Hello Loyal Listeners,
As you all probably know first-hand or have heard, the Gordon Square community of Cleveland was hit with an untimely and unfortunate power outage in the Gordon Square and Ohio City neighborhood on November 2 just before The Dead Milkmen were to take the stage at the 2013 WCSB Halloween Masquarade Ball at the Cleveland Public Theater – something WCSB and The Dead Milkmen felt completely terrible about for everyone involved.
The Dead Milkmen being class acts drove themselves and their equipment up to the WCSB studios and did their ENTIRE SET (encore included) live over the CSB airwaves for the entire city to enjoy. They even stuck around and answered some questions after their inspired performance.To make sure no Dead Milkmen fan missed out on this historic (and odd) evening, we have extracted the audio and posted it here for all to enjoy.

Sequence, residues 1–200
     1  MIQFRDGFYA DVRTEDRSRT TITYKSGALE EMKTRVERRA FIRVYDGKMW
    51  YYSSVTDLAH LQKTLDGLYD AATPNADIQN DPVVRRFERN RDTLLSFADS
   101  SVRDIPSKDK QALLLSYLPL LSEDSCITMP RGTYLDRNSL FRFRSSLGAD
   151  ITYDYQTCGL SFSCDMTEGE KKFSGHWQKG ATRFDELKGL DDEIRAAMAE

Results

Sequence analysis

The recently published graphic novel, Cleveland, by the late Harvey Pekar and illustrator Joseph Remnant, is a flat-out masterpiece of the form. One (hefty) part “biography” of a city, Pekar being Pekar, Cleveland is also another piece (and a key piece at that) of the grand tapestry recording the life of one of the city’s most notable residents, and certainly the man who will forever be known as Cleveland’s unofficial poet laureate.